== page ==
|The Oilers Event Team paid a visit to Hockey Alberta's Super Skills Camp in Grande Prairie, AB the last week in August. |
As the eyes of the media and hockey fans are refocusing on Rexall Place in anticipation of the 2009-10 NHL season, the Oilers organization continues to reach beyond Edmonton’s city limits to ensure players of all ages and levels start off on the right skate.
Last week, the Oilers Events Team made the five-hour drive northwest to Grande Prairie, AB to participate in Hockey Alberta’s Super Skills Camp. The annual camp is a big event in this bustling city of 50,000, and Oilers were eager to take in all the action.
Starting Monday, August 24th, 90 kids aged nine to 12 descended on the Coca Cola Center in Grande Prairie to take part in five days of fun and varied skills sessions. The participants were divided into three groups for on- and off-ice activities, and with three instructors plus an on-ice lead for each group, the development progressed quickly.
The Oilers Event Team provided big league excitement early in the week, setting up a Ninendo Wii, Top Shot Machine, and street hockey equipment for the kids to enjoy. With lots of giveaways thrown into the mix, the Oilers Big Rig was a popular stop for parents and participants alike.
“The parents and the kids were very excited about the giveaways, and just the opportunity to have the Oilers in their community,” said Trevor Murphy, Oilers Manager of Fan and Community Development. “Having the Big Rig travel into a parking lot, it’s a big thing for these communities, and we had a lot of positive comments, a lot of excited kids and parents, and that’s what it’s all about.”
According to Mike Kraichy, Coordinator of Hockey Alberta’s Regional Development Center in Grande Prairie, the camp is an annual highlight for both kids and parents who might have a hard time committing to a similar camp in Edmonton.
“They’re on the ice for 2.5 hours a day and off-ice for 2.5 hours a day, and for the off-ice we’ve done street hockey, soccer, skills development and other team-building exercises,” Kraichy explained during a break from assisting with Thursday’s sessions. “[These kids] don’t have the access and the resources to the top instructors, so instead of them having to pay to travel and attend a camp in Edmonton, we can do it up here.”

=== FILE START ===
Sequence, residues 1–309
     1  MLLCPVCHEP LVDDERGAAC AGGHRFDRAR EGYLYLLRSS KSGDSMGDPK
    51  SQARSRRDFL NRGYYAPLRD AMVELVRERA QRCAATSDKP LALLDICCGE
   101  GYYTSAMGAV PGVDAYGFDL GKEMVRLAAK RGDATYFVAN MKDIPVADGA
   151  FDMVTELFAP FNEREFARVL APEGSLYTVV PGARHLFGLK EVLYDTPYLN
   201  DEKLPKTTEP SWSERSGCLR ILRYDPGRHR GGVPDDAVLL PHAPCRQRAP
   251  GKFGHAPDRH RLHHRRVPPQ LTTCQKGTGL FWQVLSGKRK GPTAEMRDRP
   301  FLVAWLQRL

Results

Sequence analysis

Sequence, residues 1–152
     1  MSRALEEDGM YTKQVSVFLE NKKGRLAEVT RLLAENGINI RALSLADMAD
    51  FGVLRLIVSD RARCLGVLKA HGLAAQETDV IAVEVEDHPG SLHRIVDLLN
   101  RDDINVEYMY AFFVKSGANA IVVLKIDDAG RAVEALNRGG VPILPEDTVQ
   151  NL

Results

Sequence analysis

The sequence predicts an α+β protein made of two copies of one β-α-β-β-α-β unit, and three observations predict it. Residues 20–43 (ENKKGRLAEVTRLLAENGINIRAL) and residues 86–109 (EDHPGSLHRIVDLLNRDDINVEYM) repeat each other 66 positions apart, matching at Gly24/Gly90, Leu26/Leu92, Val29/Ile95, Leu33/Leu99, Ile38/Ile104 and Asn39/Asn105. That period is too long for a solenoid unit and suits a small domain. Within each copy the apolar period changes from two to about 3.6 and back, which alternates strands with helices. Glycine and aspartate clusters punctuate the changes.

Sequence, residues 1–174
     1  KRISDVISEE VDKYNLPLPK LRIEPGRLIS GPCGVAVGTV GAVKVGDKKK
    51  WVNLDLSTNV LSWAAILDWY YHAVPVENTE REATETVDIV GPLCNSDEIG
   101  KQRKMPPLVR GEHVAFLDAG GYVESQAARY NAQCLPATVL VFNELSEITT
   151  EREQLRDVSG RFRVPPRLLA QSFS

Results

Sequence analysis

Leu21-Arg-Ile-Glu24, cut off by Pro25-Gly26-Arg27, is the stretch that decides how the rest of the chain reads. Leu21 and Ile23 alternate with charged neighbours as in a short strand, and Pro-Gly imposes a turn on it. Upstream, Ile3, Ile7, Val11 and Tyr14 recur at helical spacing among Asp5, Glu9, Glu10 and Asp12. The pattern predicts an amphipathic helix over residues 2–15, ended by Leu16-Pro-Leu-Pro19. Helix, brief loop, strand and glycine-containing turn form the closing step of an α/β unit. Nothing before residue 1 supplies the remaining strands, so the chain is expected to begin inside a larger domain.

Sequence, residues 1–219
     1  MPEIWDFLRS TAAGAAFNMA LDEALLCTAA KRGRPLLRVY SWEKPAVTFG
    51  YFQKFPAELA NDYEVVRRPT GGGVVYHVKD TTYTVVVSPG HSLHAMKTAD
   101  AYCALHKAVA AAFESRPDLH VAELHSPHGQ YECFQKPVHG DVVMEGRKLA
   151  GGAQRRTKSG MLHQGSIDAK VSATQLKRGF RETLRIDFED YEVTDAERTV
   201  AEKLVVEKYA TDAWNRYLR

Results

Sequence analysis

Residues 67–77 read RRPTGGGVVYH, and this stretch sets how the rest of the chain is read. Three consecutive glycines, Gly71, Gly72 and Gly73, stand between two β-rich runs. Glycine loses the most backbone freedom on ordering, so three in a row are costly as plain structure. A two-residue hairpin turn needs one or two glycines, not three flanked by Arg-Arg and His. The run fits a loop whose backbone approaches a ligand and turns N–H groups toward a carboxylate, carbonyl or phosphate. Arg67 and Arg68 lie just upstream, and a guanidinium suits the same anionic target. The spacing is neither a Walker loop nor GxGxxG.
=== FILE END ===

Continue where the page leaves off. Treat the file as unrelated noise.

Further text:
I’m having fun, and if I’m having fun then hopefully the kids are having fun too. - Kyle Weegar, Instructor
One of the instructors, Grande Prairie native Kyle Weegar, said watching the students improve was his highlight of the week.
“It’s definitely rewarding to watch them improve, even if it’s just over a week. I can see the improvements in their skating and their skills from day one until today, so it’s amazing to think of how quickly they develop and learn.
“Some of these guys are really good hockey players and hopefully someday I’ve got a kid that makes it to the NHL and I can say, ‘That was my kid. I taught that guy,’” the 20-year-old coach added proudly.
Although skating and skills are important items on the daily schedule, Weegar emphasized that having fun was priority number one.
|Young hockey players gather for a group picture during an off-ice session at Hockey Alberta's Super Skills Camp in Grande Prairie, AB in late August 2009. |
“I’m having fun, and if I’m having fun then hopefully the kids are having fun too,” he said over the shouts of an outdoor team-building game. “These guys, before they came, half of them didn’t know anyone in the room and I had no idea who any of them were. But now I can name every kid out there. They’re having fun and becoming friends I think that’s really important.”
Hockey mom and Grande Prairie Minor Hockey Association employee Connie Pring agrees with that philosophy. Her 12-year-old son Carter was participating in his third camp and couldn’t be more excited about the end-of-summer tradition, she said.
“It’s his third year in the camp and he always has lots of fun. For him it’s a good time – it’s the week before school goes back and he’s bored at home and ready to get back into hockey. And it gives him an opportunity to improve his skills before he goes to tryouts. He really likes that it’s this week, this last week of August. He doesn’t like to do hockey the first week of July so this is perfect.”
10-year-old Deklan Whillans also enjoys getting a head start before the season begins. “[We’ve] been working on stick-handling, shooting, running, and a lot of the stuff that’s the same as what we do during the season,” he said. “Hopefully I’m stronger (when the season starts) and I’ll be used to skating again . . . I want to get more ice time this season, and play hard, and get at least one point a game.”
While the Oilers hockey club focuses on similar goals in-season, this summer the Community Development team has made road trips like the one to Grande Prairie a priority.
“Throughout the summer we’ve been travelling around Oil Country, just visiting the fans that continue to support us throughout the year, so it was important for us to get to Grande Prairie because we hadn’t been there yet this summer,” Murphy explained. “We knew there was a big hockey event going on there with a lot of minor hockey players, and the fact that Hockey Alberta was involved, who is a partner of ours, it just became a perfect fit.
“It’s something that’s positive for both parties because Hockey Alberta is the leader in grassroots hockey across the province, and a lot of these boys and girls who are playing in Northern Alberta want to wear the Edmonton Oilers jersey someday,” he continued. “It’s important for us to have that connection with these young players and with their parents.”
That connection is strong, especially in Grande Prairie.
“For the kids, having the Oilers here was unbelievable,” Kraichy adds. “The kids love it and they feel like they’re important and special. That’s so important and something we all work hard to achieve.”